With the cost of moving home, ever-increasing families and couples are always looking for ways to stay in their current house but tailor it to their changing needs. This has led to a wide range of house renovation projects that are looking to ‘Future Proof’ houses and homes.
Future-proofing a house includes the considerations for how a family will be able to use the space as they get older. This could include looking at accessible bathroom design, step-free access at the front and rear, and how to traverse through multiple storeys.
You should try and ensure that there is step-free access all the way through the house. This includes the pathway from the pavement and parking areas, across the front door threshold, through the living areas and out of the back door.
Whether this one level design is possible will depend largely on your building or plot. If level changes are required internally you could consider the use of ramp access or include a home lift for larger level changes (see below for more details on including a home lift into your design).
In the UK we do need some type of threshold for front doors due to our weather conditions, however, these can be minimal, step-free and perfectly suitable for wheelchair users.
This entrance door from the IQ Ingresso Range includes a weather protection threshold at the base but the smooth design still creates a step-free movement from inside to out. In addition, you get a modern, contemporary front door whose design can be tailored to the project.
At the rear of the property flush threshold patio doors are already all the rage. A bifolding door set or sliding door installation can give you a step-free threshold as well as a modern rear elevation with lots of glass. If you do not have space for such a large glass installation to the rear you should ensure that the rear door is wide enough for wheelchair access and has a step-free finish when open.
Once you have achieved step-free access to the garden you should also ensure that you can traverse through the garden or outdoor area as well. If the property is lucky enough to have a large garden area ensuring the landscaping is suitable for wheelchair users or those with limited mobility will increase their quality of living.
All external floor finishes should be hard and non-slip for easy travel.
You may also want to look at the planting scheme used and ensure that it is low maintenance wherever possible. The design of the garden and planting will need to be considered along with the homeowners’ input on how much care and maintenance they are going to be able to put into the garden care.
If the homeowners love gardening raised flower beds may be a useful inclusion into the garden design to ensure the user does not have to bend over to tend to the plants.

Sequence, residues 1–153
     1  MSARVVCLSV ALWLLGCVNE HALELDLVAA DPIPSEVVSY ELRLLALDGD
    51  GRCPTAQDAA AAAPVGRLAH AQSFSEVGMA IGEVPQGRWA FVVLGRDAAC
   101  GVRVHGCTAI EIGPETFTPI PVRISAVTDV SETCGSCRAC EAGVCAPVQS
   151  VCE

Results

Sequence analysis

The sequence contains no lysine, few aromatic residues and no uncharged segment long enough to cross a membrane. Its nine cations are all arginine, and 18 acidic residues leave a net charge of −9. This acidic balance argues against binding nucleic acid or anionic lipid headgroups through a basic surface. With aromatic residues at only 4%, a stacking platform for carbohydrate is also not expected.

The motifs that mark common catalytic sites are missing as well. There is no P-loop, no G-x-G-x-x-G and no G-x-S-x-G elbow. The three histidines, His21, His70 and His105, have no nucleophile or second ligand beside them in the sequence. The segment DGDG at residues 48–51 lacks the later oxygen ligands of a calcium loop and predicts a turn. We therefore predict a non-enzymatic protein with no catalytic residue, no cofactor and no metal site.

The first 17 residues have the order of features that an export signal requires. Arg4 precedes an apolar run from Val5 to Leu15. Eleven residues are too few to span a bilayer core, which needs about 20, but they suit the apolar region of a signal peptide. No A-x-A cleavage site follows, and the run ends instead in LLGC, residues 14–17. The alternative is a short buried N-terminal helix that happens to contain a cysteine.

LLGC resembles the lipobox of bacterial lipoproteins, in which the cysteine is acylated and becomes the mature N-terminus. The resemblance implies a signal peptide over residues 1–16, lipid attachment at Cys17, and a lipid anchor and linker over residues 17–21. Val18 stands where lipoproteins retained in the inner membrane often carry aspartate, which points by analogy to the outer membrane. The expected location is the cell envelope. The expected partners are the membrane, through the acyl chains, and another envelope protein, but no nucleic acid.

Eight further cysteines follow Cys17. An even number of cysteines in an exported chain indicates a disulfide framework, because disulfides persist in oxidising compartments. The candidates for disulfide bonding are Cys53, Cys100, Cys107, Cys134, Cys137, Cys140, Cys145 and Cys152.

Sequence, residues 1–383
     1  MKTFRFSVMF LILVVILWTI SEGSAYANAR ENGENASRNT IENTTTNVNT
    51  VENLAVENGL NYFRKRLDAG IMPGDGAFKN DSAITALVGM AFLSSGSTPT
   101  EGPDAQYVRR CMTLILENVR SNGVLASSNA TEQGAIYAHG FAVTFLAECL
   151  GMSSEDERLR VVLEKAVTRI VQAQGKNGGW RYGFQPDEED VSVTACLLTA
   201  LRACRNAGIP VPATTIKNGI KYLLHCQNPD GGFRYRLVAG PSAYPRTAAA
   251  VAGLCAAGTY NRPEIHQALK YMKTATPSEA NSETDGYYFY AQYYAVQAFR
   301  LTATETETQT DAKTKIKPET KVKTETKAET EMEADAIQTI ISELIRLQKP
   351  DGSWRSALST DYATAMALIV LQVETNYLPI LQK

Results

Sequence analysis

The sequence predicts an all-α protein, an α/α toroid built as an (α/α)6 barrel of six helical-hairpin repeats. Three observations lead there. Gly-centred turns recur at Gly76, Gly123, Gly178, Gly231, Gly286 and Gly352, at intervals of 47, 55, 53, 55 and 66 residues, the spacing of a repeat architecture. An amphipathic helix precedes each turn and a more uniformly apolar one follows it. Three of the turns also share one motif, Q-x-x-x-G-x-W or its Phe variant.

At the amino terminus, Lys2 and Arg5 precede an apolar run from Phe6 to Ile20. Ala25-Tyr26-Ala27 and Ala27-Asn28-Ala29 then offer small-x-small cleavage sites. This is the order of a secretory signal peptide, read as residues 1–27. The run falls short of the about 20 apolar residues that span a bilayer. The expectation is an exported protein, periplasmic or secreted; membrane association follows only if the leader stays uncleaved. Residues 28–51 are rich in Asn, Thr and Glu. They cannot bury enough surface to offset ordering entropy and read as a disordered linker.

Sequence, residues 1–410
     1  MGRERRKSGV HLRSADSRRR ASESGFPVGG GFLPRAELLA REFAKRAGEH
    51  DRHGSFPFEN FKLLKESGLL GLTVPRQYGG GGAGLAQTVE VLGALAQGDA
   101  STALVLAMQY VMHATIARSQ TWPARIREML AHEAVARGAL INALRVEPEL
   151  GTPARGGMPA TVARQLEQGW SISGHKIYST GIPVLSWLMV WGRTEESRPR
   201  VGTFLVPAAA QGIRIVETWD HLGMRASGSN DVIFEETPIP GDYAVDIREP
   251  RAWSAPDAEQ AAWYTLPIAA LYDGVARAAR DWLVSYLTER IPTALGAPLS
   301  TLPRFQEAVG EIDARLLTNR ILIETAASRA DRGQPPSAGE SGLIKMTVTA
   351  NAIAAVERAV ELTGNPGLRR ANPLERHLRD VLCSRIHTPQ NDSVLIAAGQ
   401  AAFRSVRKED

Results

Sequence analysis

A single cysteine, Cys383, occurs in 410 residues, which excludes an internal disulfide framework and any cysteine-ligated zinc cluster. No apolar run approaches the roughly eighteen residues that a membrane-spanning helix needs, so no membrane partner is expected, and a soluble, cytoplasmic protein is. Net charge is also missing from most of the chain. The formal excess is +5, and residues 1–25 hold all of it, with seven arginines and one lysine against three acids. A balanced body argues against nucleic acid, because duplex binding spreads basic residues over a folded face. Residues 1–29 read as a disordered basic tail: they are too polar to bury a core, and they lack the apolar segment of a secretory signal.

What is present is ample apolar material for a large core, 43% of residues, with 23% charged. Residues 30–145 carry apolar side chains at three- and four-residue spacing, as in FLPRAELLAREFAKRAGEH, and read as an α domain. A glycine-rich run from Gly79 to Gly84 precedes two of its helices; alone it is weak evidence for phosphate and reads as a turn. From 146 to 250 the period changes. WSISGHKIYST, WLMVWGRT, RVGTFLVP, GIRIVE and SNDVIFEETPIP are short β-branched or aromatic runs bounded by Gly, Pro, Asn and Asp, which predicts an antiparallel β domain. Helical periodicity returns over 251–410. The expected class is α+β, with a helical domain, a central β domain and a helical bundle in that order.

Smart Home Technology can be a bit of a gimmick in some designs, however, it can be incredibly useful in future-proofing a home design for accessibility. A properly configured smart home system will reduce the number of switches and actions that need to occur on a daily basis, making life easier for users with limited mobility.
Having one switch (or one action on a smartphone app) that simultaneously turns on the kitchen light, turns on the radio and switches on the coffee maker could make the morning routine that much quicker.
Obviously, that is just one example. The beauty of smart home technology systems is that they can be tailored to the user of the space and altered as required.
“Smart Home Technology is really personal,” says Chhaya from IndigoZest, smart home technology specialists at Sky House. “The control system can be tailored to how you want to use the space. We also look at how homeowners currently use the home to see how the system can be designed to be most efficient. For those for which movement is more difficult having the ability to see who is at the door via a tablet or screen and allow the caller in from the comfort of their armchair is a great smart home addition.”
For future proof homes that means you can engineer your home to react to your needs quickly and efficiently.
Bathrooms tend to be one of the smallest rooms in the house, but if you want to future proof a house design you need to ensure that these essential self-care rooms are designed for access throughout the user’s lifetime.
Consider the movement through a space and how easy all cupboards and taps are to reach. The main area of concern in a bathroom when future-proofing will be removing trip hazards and avoiding the risk of falls.
Slip-resistant tiles are a must. You may also need handrails or grab bars in strategic locations. If these are not going to be installed straight away it is a good idea to map them out to ensure there will be space to install them in the future.
This large house in Godalming Surrey was given a ‘Future Proofing’ renovation which included the installation of a home lift from Gartec Home.
Modern home lifts, like those from Gartec Home, can easily be installed into small areas; some can be as small as a wardrobe! By including a home lift within a renovation project you future proof the space by ensuring the residents can maintain access to all floors of the home no matter their mobility as they age.
Future-proofing needn’t be a huge building project. This home lift installation took a week to completely install. The modular design meant that no major building works were needed and it caused minimal disruption to the house occupants.
The automatic doors of the home lift, as well as the double door opening, mean that the home lift is highly suitable for a wheelchair user. In addition, the minimal glass doors and the geometric design to the rear of the home lift mean that it is also a seamlessly integrated part of the home interior.